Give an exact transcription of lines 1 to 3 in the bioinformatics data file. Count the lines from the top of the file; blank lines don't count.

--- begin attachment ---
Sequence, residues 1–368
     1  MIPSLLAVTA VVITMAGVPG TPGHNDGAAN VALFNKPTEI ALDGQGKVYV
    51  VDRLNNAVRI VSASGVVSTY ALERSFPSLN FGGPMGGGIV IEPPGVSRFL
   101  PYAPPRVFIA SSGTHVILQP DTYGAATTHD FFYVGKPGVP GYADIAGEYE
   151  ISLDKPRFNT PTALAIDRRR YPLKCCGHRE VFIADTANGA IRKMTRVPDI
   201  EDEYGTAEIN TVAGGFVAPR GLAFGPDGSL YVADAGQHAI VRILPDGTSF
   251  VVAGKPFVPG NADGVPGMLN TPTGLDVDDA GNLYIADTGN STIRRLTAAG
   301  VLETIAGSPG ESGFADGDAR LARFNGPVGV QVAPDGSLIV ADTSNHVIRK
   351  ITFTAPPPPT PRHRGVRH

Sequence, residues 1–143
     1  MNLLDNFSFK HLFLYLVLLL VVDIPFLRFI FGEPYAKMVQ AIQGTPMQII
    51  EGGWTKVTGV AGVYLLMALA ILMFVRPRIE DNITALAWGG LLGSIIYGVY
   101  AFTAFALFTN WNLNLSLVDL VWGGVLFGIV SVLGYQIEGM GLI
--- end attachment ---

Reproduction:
Sequence, residues 1–368
     1  MIPSLLAVTA VVITMAGVPG TPGHNDGAAN VALFNKPTEI ALDGQGKVYV
    51  VDRLNNAVRI VSASGVVSTY ALERSFPSLN FGGPMGGGIV IEPPGVSRFL